Daily Bridge Club
TRIBUNE CONTENT AGENCY
“My husband and I go over the deals we play,” a club player told me. “When I do something wrong, we ‘discuss’ it, and it’s like hearing”
My friend was East. West’s two clubs conventionally showed length in both majors. North’s three hearts was a “splinter,” showing a club fit and heart shortness. Against six clubs, West led the king of hearts. FINESSE “I played the ten,” East said, “and my husband led another heart. Declarer ruffed in dummy, drew trumps and took the top diamonds. When West discarded, South shrugged and led a spade to his queen. Making six.”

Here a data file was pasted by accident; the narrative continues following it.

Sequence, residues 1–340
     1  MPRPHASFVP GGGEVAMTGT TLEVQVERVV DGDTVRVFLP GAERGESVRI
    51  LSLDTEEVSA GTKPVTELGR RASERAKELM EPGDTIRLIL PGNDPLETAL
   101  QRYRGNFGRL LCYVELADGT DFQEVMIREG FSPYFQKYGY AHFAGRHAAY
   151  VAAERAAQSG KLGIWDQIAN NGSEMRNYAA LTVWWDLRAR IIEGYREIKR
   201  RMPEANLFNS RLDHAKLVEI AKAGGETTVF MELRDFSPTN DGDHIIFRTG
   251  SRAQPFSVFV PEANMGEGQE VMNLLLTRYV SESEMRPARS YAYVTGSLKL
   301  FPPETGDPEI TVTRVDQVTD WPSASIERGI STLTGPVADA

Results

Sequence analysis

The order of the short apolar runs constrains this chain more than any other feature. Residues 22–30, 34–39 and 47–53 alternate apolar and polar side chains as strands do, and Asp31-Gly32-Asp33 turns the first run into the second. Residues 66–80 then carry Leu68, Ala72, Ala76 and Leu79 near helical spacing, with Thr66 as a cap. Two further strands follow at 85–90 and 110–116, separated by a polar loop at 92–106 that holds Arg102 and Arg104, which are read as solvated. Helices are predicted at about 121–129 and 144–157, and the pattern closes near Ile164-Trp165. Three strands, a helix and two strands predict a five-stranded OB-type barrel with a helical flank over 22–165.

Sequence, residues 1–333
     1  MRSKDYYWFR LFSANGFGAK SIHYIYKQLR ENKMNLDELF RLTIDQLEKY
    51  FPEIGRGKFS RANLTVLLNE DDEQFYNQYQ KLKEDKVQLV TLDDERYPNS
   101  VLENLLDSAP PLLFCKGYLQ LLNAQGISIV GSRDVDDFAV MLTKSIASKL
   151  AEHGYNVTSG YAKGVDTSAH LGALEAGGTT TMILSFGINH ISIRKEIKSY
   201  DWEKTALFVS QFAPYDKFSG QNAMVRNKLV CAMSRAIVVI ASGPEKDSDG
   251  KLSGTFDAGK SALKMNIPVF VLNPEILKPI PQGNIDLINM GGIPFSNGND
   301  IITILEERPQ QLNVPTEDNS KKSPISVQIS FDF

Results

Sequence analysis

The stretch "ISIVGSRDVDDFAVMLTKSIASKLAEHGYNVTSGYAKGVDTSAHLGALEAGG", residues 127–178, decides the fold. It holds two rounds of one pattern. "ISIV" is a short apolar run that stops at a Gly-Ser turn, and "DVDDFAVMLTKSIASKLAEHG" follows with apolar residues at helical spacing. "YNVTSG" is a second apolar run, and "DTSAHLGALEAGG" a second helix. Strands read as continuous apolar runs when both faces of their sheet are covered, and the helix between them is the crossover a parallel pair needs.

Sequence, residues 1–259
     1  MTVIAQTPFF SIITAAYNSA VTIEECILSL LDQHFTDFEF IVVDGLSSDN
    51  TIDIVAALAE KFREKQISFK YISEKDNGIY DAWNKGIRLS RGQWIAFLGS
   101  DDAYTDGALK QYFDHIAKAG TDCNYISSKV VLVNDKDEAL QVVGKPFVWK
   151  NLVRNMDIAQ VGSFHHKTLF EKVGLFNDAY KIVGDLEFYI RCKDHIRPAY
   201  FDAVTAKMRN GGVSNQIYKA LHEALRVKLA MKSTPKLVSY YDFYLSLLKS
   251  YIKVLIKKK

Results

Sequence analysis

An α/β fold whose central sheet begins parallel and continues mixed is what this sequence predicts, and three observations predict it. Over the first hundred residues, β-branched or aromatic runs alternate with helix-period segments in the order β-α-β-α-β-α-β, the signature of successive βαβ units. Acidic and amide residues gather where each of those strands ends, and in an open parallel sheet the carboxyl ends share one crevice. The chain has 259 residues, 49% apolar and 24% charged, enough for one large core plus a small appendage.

East missed a good defense: She must overtake West’s king of hearts and lead a spade.
South could finesse but will take the ace and rely on dummy’s diamonds. If they broke 4-2, South could set up the long diamond for a spade discard. As it is, he fails. East’s defense removes one of his options.
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